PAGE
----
US Java adoption picks up steam as Sun lawsuit adds to publicity

US Java adoption picks up steam as Sun lawsuit adds to publicityTom Foremski US companies appear to be embracing Sun Microsystems’ Java computer language strongly, with a huge jump in the number of users, writes Tom Foremski. According to US market research firm International Data Corporation (IDC), more than 45 per cent of US companies participating in a recent survey say that they are using Java, representing an 11 per cent increase over three months. IDC says that Java momentum has not been affected by anti-Java sentiment and a lawsuit between Microsoft and Sun over Java license agreements. “If anything Java has picked up steam. The publicity swirling around the Sun versus Microsoft suits and the ground swell of support by Java die-hards helped fuel the surprisingly swift adoption rate of Java in US companies of all sizes,” said senior IDC analyst Evan Quinn. The survey questioned 800 companies of various sizes in different industries. The fastest growth in Java adoption over the last three months was in small companies which grew by 15 per cent compared with 12 per cent growth in Java use among large companies. Some fancifully claim Java has now displaced C and C++ as the dominant computer language worldwide with an estimated 800,000 Java programmers. And it is finding wide spread use in embedded systems with companies such as Motorola, Texas Instruments, IBM, Sony and Ericsson among recent licensees of Java technologies. At the recent JavaOne conference in San Francisco, Sun CEO Scott McNealy denied reports that Java momentum is slowing, mentioning a long list of Java adopters and companies such as IBM producing new Java applications. Sun chief operating officer Ed Zander spoke about the huge number of developers behind Java and the large number of new start-ups focusing on Java, noting that the Java Fund venture capital fund, has more than 700 business plans from start-ups. While the widespread and still growing base of Java users is a testament to Sun’s efforts in popularising the language, it is not all going well, at least from Sun’s perspective. The main push for Sun is that developers support Java as a cross-platform language. If it can succeed with this focus, it effectively dismantles Microsoft’s dominance of the PC platform. After all, if developers can create just one application and have it run on a wide variety of platforms, there is no need to write to Microsoft’s Windows platform and then port applications to other platforms. But Microsoft is not going along with Sun’s cross-platform push. It has been customising Java for the Windows platform and is being sued by Sun for those efforts. “I don’t think there is much that Sun can do about Microsoft optimising Java for Windows platforms. It owns 80 per cent of the desktop market,” notes Ron Rappaport, industry analyst at US market research firm Zona Research.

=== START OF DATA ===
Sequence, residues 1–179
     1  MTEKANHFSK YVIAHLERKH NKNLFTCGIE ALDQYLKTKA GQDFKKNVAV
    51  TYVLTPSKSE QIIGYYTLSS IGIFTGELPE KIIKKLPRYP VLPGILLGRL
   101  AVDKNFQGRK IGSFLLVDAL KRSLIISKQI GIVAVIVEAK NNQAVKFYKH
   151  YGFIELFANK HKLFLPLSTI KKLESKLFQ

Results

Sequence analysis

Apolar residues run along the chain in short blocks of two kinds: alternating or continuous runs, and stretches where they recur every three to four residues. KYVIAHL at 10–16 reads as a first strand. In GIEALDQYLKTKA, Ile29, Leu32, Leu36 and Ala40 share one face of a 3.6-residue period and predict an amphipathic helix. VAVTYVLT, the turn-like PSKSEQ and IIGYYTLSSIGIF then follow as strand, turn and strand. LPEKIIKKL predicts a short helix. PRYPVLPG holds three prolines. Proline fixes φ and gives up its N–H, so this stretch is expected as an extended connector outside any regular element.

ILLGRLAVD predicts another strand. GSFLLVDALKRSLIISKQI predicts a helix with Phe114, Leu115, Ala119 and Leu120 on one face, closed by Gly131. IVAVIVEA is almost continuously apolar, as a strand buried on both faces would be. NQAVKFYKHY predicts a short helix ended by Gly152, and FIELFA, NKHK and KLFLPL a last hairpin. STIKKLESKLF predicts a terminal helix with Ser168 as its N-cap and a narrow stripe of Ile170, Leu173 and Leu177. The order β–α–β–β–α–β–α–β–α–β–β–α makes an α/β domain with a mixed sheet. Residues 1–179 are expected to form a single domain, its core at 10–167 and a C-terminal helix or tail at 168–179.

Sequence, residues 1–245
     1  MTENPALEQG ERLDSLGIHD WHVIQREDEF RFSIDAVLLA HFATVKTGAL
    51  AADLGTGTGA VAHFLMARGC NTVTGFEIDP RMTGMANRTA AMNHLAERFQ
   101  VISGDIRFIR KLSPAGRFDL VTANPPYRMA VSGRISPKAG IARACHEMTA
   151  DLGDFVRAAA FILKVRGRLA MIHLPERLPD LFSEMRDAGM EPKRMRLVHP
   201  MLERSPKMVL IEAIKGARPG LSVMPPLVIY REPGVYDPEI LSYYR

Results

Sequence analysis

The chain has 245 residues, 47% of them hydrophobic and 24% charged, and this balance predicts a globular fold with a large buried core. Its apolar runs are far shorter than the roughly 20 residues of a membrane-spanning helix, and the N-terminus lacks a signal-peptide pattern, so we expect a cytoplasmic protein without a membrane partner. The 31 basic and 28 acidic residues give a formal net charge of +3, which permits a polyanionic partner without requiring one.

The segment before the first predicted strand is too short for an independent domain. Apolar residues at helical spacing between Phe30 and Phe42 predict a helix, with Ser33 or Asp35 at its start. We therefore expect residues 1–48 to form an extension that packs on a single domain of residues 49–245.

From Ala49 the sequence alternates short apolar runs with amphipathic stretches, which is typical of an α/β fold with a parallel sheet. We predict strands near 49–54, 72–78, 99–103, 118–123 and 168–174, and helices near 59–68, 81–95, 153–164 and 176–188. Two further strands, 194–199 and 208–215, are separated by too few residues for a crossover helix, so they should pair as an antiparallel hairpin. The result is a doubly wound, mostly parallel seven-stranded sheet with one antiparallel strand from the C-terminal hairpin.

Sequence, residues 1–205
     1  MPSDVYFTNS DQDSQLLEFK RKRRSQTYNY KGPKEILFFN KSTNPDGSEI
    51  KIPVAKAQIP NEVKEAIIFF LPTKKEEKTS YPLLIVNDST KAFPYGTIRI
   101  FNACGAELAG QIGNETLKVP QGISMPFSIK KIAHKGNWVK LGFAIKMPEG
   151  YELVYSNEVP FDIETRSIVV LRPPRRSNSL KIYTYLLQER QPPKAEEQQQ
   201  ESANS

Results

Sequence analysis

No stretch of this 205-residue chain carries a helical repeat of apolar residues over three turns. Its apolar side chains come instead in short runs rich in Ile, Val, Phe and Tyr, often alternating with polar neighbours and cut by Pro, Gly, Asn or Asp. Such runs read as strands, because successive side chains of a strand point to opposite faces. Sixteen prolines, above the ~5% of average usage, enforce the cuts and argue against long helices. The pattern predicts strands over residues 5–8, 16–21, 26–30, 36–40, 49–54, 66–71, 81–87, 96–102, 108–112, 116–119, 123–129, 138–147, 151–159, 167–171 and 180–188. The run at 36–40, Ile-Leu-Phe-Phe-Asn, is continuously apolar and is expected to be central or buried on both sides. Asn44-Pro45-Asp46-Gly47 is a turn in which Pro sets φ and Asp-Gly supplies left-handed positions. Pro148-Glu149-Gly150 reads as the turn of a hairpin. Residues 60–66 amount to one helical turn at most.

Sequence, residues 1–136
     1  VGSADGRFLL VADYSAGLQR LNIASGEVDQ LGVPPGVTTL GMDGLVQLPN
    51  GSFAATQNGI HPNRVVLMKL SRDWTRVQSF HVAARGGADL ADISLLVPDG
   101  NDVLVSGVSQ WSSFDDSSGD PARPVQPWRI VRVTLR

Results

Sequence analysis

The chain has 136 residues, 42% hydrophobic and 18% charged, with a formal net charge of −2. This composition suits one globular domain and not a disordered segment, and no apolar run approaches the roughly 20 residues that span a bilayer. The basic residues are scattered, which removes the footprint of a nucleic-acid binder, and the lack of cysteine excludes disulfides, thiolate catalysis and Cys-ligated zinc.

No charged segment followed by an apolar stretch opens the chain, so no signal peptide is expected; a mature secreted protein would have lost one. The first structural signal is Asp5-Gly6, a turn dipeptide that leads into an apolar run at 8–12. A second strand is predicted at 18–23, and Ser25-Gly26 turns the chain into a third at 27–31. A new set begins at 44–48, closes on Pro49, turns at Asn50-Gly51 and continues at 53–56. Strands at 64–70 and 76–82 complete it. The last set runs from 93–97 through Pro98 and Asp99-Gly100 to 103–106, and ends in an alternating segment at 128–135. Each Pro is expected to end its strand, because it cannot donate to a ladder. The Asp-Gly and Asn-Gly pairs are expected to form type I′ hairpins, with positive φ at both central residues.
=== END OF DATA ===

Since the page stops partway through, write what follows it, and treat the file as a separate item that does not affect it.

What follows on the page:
And Microsoft is not the only one moving this way. Apple Computer is working with Microsoft to optimise Java for PowerPC systems and other companies are working on similar technologies.


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